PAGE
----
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6 years ago  ::  Mar 22, 2009 - 12:19PM #1
Mason17
Posts: 9

Shintoists, A new question- what do you believe happens after death (if anything)?

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6 years ago  ::  Mar 23, 2009 - 12:56PM #2
Katsuninken
Posts: 67

 


There's a common phrase that you may be familiar with: born Shinto, die Buddhist. While there's no one fixed view of what happens after we die, that seems to be the most popular one. There's a wide array of possibilities that could happen, depending on your specific branch of Shinto and how much Buddhism enfluences you, ranging from a realm that could be loosely translated as a hell where you must repay the debts of your life to being a gaki to being a guardian spirit to being reborn to ascending as Hachiman and Yoshitsune to Benkei have done.


As far as me personally, I can't know for sure what will happen to me once I pass on, but if I had to guess I'd say I will be reborn again. There's a long way I have to go before I am anything close to a bodhisattva, and I am hardly worthy of ascension. I have too great a love for serving the world to retire to paradise and be removed from the cycle of birth and death, so I am pretty sure I have chosen my fate without intending to do so.


I'm too interested in the world and its wonders and what I am doing with my life while living to get too hung up on what comes next. Besides, what happens happens. There is nothing I can do about it, and I know that whatever comes next is what I need and what is best in the grander scheme, regardless of whether it's pleasant or not. If it turns out that I do have debts to pay, I am happy to pay them and have the opportunity to have my honor restored.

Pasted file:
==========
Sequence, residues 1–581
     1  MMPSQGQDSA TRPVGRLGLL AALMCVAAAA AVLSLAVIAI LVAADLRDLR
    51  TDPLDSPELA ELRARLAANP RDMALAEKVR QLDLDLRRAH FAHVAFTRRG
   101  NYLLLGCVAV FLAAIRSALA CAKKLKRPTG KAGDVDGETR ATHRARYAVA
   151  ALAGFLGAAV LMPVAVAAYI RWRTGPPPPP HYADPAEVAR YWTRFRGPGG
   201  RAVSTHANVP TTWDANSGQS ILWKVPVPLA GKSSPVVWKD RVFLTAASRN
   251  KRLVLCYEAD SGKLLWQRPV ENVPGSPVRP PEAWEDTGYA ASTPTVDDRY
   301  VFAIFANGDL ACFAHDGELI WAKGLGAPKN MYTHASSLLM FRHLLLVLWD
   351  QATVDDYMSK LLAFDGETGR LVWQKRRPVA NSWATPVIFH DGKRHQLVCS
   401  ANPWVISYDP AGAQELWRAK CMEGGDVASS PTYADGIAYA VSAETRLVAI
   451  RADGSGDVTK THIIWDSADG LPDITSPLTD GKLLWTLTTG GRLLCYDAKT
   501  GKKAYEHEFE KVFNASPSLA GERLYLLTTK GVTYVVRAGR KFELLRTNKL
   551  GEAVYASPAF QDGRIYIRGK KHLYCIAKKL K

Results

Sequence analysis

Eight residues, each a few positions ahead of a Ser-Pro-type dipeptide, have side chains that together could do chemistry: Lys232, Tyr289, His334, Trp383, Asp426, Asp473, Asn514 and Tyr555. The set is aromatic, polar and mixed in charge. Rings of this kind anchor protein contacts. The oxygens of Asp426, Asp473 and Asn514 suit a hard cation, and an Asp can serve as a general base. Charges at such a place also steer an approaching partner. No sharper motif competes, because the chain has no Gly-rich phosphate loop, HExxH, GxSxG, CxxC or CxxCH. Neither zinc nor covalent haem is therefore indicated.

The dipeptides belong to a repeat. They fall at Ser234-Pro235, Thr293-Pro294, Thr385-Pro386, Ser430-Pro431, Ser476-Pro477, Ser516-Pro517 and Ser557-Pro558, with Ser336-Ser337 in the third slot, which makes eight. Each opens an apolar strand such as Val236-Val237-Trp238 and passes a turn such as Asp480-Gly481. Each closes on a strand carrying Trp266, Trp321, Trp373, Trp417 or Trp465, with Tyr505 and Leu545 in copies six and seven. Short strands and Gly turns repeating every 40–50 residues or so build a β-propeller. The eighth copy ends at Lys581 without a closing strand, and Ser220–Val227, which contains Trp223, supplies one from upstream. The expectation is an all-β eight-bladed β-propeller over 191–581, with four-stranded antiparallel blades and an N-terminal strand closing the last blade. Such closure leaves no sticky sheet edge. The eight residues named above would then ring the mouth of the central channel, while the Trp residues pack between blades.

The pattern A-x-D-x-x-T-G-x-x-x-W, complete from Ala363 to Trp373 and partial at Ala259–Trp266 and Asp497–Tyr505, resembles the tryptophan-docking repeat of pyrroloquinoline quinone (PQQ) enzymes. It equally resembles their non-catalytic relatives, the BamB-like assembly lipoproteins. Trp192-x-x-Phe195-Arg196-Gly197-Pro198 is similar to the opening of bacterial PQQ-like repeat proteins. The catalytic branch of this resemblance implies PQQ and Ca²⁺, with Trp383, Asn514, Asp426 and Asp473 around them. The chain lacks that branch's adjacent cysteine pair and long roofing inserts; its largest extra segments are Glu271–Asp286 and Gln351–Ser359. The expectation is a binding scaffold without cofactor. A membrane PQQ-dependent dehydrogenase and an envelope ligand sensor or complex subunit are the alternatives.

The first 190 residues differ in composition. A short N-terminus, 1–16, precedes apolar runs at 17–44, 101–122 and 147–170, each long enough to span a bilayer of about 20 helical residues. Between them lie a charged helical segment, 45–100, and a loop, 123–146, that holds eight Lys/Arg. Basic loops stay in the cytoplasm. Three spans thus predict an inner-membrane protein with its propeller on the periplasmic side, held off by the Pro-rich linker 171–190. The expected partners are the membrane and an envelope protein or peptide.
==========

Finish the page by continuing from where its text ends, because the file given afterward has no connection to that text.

I think the only unfortunate fate would be one where I would be in the world, but unable to serve any purpose. If I passed on and my spirit became trapped here, or if something tragic happened to me and I became an angry spirit or a gaki - to me those would be worse than any hell or punishment, and I pray that should that happen, someone would have the mercy to send my spirit on.


 

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4 years ago  ::  May 08, 2011 - 8:59AM #3
Belldandy
Posts: 34

i dont think any thing happen when you die - you die and life stops

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4 years ago  ::  May 17, 2011 - 7:22PM #4
XingYi
Posts: 60

I could be mistaken (someone please correct me if I am), but I believe that the primary concern of Shinto is what we do while we're alive.  After death, some spirits are placated if they are aggressive and some are revered if they led an exemplary or influential life.  However, much like Confucianism (and possibly because of its influence upon Shinto), what happens after death is not highly speculated upon because it is not generally within the purview of the religion.

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4 years ago  ::  Jun 07, 2011 - 2:27PM #5